Technology at students' fingertips

LONG gone are blackboards, chalk and real ink pens - with students in some classrooms today carrying a world of knowledge in an electronic device the size of their palm.

LONG gone are blackboards, chalk and real ink pens - with students in some classrooms today carrying a world of knowledge in an electronic device the size of their palm.

A group of students at a Felixstowe school are piloting the use of handheld computers and if the trial is successful the project will be spread out across the campus.

The aim of the project at Orwell High is to pass the control of information computer technology to learners rather than teachers.

Students can use the handheld computer whenever it is appropriate in the lesson rather than waiting for the teacher to decide to take students to a computer room or to get out a set of laptops.

They can connect wirelessly to the school network on the handheld computers, use all the normal computing functions and search the internet.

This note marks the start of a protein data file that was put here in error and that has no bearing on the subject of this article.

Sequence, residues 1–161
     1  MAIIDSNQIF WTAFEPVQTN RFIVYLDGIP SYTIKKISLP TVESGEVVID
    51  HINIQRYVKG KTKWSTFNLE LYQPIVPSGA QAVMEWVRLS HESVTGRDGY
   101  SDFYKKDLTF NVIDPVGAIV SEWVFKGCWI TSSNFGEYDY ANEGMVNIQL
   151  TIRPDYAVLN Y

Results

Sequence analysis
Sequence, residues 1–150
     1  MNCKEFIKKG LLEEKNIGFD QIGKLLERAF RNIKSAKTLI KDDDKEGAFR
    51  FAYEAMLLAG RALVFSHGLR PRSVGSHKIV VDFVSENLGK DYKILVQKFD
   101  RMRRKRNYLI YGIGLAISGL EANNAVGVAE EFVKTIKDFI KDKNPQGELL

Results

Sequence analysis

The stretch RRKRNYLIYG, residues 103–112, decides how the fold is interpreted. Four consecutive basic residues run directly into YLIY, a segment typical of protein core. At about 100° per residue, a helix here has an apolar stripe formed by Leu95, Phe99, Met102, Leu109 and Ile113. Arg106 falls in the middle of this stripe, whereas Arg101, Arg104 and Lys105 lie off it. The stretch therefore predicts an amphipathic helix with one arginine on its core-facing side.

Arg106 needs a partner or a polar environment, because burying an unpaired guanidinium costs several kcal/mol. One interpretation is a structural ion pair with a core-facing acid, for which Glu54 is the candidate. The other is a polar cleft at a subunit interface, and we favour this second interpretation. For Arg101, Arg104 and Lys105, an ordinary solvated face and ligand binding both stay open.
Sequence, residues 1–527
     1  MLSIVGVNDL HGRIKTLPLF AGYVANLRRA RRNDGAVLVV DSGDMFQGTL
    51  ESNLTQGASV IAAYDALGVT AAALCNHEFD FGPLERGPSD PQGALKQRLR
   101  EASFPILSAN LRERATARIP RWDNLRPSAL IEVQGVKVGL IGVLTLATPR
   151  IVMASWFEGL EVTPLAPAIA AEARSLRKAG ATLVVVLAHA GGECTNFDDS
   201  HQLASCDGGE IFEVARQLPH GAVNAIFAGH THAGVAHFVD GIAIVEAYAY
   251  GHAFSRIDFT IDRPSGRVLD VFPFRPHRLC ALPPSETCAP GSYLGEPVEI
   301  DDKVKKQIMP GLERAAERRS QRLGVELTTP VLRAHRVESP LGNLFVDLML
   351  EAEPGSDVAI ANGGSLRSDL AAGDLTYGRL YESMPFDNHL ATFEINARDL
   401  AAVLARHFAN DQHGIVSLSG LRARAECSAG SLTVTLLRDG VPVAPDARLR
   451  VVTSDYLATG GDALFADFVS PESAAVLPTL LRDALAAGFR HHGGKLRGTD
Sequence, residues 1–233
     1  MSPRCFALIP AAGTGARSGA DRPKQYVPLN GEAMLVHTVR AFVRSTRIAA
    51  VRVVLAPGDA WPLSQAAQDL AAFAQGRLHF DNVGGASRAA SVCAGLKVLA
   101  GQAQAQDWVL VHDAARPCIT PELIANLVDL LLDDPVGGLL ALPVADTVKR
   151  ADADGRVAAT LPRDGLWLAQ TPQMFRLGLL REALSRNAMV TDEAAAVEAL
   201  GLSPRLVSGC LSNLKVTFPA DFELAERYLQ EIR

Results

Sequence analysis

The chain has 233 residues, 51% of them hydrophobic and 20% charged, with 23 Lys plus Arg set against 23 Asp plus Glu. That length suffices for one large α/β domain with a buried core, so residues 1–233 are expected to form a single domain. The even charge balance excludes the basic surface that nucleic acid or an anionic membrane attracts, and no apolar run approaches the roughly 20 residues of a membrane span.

The devices also allow students to take photographs, videos and record audio.

Most Read

There are a wide range of opportunities for using the devices and so far students have:

Videoed experiments in science to review at home;

Photographed their products in technology;

Recorded their speaking homework for French;

Researched on the internet;

Read electronic books.

John Avery, assistant headteacher leading ICT development, said students were constantly finding new ways of using the handheld computers to benefit their learning.

“This is a really exciting project,” he said.

“It is in the early stages but the students with the handheld computers are really enthusiastic about the possibilities they offer.

“If this pilot is successful we would like to move throughout the school to providing personalised computing technology rather than fixed computers.”

Headteacher Peter Tomkins said: “We see ICT as a learning tool and being able to give students their own access to this tool is going to be of major benefit to their learning.”

The project has been funded by the E Learning Foundation, the school and contributions from parents.

Do you think handheld computers for students are a good idea? Write to Your Letters, Evening Star, 30 Lower Brook Street, Ipswich, IP4 1AN, or e-mail EveningStarLetters@eveningstar.co.uk